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News : International Last Updated: Apr 24, 2009 - 5:31:05 PM


Economist Intelligence Unit Cost of Living Survey 2009: Dublin is world's 13th most expensive city; New York gets 23rd ranking and London 27th
By Finfacts Team
Mar 10, 2009 - 6:32:05 AM

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London is cheaper than New York for the first time since 2002.

The latest Economist Intelligence Unit cost of living survey highlights the way in which sharp shifts in exchange rates in recent months have altered the relative cost of living in cities around the world. By comparing the ranking of cities in September 2008 (when the price survey was conducted) to the ranking in February 2009 (adjusting the September price data for recent exchange-rate movements), it is possible to see which locations have been relative winners or losers as a result of the currency dislocation. Dublin has a 13th ranking down from 11th last year, while London has fallen to 27th place, from 8th ranking 2008, because of the plunge in the value of sterling. New York has jumped from 39th rank in 2008 to 23rd place this year.

Kuala Lumpur, capital of Malaysia, has a ranking of 90 and index of 67. London has an index of 99, New York 100 and Dublin 108. Manila has an index of 51.

Western Europe: Cheaper, but still the most expensive

Weakening exchange rates have driven a substantial downward movement in the relative cost of living for West European cities. Oslo (Norway) saw its relative cost of living fall by 28 index points and Stockholm (Sweden) by 24 points. London and Reykjavik, the latter already hit by a collapse in the Icelandic krone, each experienced a fall of 23 points. Perhaps unsurprisingly, given its historical stability, cities in Switzerland experienced the smallest decline in the relative cost of living. Geneva and Zurich managed to rise in the global ranking (as cities around them fell) to occupy 9th and 6th place respectively.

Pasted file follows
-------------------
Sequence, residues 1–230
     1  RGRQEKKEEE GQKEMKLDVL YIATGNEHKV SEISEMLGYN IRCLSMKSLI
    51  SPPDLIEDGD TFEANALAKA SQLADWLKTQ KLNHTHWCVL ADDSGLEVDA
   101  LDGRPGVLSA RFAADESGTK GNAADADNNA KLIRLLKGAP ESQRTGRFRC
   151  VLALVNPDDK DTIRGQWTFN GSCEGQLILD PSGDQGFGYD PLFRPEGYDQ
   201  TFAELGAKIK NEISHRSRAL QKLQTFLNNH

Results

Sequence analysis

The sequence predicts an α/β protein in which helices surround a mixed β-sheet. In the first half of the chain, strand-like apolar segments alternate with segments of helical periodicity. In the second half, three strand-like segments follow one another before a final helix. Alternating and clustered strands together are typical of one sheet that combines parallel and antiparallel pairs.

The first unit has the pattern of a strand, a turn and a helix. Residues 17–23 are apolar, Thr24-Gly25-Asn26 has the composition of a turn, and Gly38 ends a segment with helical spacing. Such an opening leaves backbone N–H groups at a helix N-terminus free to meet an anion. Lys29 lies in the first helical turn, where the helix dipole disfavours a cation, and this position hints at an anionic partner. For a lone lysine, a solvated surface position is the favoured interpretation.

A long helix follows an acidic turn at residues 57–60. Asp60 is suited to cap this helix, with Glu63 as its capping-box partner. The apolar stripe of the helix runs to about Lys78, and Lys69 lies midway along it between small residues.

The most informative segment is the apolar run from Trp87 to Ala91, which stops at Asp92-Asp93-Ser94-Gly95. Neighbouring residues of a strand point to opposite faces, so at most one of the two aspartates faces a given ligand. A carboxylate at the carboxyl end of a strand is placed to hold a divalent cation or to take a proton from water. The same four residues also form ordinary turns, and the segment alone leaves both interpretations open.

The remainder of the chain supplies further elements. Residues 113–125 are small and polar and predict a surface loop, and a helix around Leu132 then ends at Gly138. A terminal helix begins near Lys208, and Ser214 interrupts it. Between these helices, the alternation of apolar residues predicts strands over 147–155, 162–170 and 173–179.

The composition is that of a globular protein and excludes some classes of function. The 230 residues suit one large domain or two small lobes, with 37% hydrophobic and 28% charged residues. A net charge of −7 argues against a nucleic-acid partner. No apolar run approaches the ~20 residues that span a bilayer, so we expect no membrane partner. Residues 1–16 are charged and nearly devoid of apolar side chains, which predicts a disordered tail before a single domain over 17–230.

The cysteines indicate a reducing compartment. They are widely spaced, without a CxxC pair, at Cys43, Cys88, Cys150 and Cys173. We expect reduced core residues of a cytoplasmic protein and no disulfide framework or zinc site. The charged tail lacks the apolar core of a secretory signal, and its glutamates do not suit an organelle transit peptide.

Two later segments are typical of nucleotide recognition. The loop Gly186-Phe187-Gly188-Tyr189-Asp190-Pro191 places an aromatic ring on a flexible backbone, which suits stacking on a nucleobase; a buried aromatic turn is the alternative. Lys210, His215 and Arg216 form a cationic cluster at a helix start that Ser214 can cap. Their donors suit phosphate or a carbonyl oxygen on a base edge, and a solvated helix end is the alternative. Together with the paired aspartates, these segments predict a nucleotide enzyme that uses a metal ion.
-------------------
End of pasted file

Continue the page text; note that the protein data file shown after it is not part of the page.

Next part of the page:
Despite a falling cost of living, Western Europe still remains the most expensive region in the world. All but two of the West European cities surveyed are in the top 50. The cities that can claim the enviable (or unenviable) title of cheapest in Western Europe are Reykjavik, ranked 67th, and Manchester (UK), ranked 70th.

Eastern Europe: Sharpest falls in relative living costs

Currency falls have been more pronounced in Eastern Europe than in other regions. As a result, the region experienced an average drop of 22 index points in its cost of living—more than in any other region. Many cities fell sharply in the ranking, with the Russian cities of Moscow and St. Petersburg slipping to 63rd and 78th respectively (from 31st and 45th positions previously). Using exchange rates from September 2008, Moscow was more expensive than New York, but is now cheaper than Lexington in the US.

EU membership has done little to affect the relative slides in currency. Warsaw (Poland) fell by 47 places in the ranking to 90th as its relative cost of living fell by 32 points. Of more concern is the dramatic slide of Kiev (Ukraine), which fell by 59 places to 124th in the ranking on the back of a sliding hryvnya, amid fears of a possible default on Ukraine's debt.

Global round-up